Specialist Speech and Language Therapist, Oxford University Hospitals NHS Foundation Trust
Charlotte Robinson is a Specialist Speech and Language Therapist in acute care, assessing and advising on acquired communication and swallowing problems for inpatients and oncology outpatients across Oxford University Hospitals. She qualified in speech and language therapy in 2011, and since then has worked in Oxfordshire in community and acute settings. She is currently completing an NIHR research internship focusing on speech and language therapy in palliative care based at Sobell House, and is now Research Lead for the acute speech and language therapy team.
Consultant Cardiologist and Clinical Lead of Heart Failure and Inherited Cardiac Conditions (Cardiomyopathies), Oxford University Hospitals NHS Foundation Trust
Eleanor is a Consultant Cardiologist, Clinical Lead for the inherited cardiac conditions services at Oxford and is an Honorary Senior Clinical Lecturer at the University of Oxford. She has specialist interests in heart failure, multimodality imaging and in inherited and acquired cardiomyopathies including inflammatory cardiomyopathies (eg cardiac sarcoidosis and myocarditis).
At a day-to-day level, she combines clinical leadership and service delivery with the operational management of a UK flagship, large multidisciplinary specialist team providing care to patients across the region and beyond and promotes the development and redesign of services to meet quality standards in line with national guidance and new evidence to deliver comprehensive services to meet the needs of patients.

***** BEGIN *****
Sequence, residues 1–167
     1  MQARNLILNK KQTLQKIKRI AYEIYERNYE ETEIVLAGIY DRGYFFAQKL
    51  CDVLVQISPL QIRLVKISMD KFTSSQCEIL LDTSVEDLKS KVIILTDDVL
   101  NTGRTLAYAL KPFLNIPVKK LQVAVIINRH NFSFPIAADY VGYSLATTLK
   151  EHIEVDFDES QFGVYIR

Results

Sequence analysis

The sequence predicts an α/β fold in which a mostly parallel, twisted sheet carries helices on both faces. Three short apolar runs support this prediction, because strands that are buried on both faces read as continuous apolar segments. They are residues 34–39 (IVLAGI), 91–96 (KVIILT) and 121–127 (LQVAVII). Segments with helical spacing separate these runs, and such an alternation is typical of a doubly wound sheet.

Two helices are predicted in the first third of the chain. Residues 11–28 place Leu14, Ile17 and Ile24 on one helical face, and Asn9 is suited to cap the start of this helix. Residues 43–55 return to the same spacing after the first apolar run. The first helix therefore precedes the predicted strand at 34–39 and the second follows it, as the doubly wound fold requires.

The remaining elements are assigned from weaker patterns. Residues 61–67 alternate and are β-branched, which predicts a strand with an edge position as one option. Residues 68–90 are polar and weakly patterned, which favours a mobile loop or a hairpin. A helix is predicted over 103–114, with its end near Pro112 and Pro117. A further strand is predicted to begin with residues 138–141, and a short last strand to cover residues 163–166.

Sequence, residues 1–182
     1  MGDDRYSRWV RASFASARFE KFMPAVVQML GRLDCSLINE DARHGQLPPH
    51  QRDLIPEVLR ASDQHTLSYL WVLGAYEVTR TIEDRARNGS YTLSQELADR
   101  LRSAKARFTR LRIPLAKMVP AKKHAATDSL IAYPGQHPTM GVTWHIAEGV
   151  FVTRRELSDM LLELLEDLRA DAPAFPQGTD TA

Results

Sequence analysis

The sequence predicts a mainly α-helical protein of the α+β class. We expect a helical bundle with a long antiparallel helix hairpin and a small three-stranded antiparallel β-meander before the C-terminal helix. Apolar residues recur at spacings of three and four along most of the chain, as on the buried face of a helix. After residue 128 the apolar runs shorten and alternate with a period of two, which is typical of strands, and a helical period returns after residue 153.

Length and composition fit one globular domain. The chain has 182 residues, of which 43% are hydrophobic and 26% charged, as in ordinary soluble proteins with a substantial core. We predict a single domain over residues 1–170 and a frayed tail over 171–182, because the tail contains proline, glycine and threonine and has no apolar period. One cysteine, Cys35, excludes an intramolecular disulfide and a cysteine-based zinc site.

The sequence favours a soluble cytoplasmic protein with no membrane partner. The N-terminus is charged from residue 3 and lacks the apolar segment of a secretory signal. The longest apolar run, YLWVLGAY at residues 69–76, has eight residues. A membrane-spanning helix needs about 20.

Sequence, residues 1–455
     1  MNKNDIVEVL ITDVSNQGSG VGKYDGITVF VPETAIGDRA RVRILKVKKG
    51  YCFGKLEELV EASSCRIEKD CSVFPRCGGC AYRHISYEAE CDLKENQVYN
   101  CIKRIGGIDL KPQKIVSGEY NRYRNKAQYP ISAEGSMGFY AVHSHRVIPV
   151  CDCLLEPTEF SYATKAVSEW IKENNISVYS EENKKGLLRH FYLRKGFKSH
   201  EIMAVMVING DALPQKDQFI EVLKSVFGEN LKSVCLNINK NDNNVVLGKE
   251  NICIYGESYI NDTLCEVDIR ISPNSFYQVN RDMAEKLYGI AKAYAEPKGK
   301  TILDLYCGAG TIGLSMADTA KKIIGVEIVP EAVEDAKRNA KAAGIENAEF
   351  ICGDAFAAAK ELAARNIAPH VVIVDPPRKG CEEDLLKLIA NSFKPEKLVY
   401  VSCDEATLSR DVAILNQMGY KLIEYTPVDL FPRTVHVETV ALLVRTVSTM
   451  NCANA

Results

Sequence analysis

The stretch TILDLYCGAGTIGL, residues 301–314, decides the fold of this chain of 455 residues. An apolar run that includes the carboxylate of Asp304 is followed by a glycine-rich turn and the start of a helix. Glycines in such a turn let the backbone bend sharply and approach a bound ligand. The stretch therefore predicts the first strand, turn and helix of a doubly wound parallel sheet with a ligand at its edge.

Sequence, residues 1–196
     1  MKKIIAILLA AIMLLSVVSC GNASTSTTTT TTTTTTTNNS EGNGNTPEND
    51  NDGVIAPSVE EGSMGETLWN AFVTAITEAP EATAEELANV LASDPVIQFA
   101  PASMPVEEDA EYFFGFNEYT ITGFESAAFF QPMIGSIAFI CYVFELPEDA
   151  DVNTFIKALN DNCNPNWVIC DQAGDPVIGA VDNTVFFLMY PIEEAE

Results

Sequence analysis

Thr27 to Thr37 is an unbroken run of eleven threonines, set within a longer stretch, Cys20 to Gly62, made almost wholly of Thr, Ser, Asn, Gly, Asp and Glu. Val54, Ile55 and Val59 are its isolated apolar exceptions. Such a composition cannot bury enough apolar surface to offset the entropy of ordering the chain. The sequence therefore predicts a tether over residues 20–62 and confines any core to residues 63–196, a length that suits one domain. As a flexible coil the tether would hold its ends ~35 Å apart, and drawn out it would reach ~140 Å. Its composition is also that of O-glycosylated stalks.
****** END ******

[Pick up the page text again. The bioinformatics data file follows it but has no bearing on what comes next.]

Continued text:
Eleanor previously worked at Barts Heart Centre, the Heart Hospital and University College Hospitals, London where she transitioned her PhD on inflammatory heart muscle disease (including sarcoidosis) and multimodality imaging (including PETCT and PETMR) conducted at UCL into everyday clinical practice. She trained at the University of Edinburgh from where she graduated in 2004 and completed her CCT in 2017.
Eleanor actively participates in collaborative clinical and academic research to promote accessible active research participation for all with heart failure or cardiomyopathies. She has published on a wide range of topics, is a member of the British and European Society of Cardiology and Myocardial and Pericardial Diseases Working Group and was instrumental in the setting up of the European Registry for Cardiomyopathies. She is passionate about teaching and education and hopes to transform education and training locally.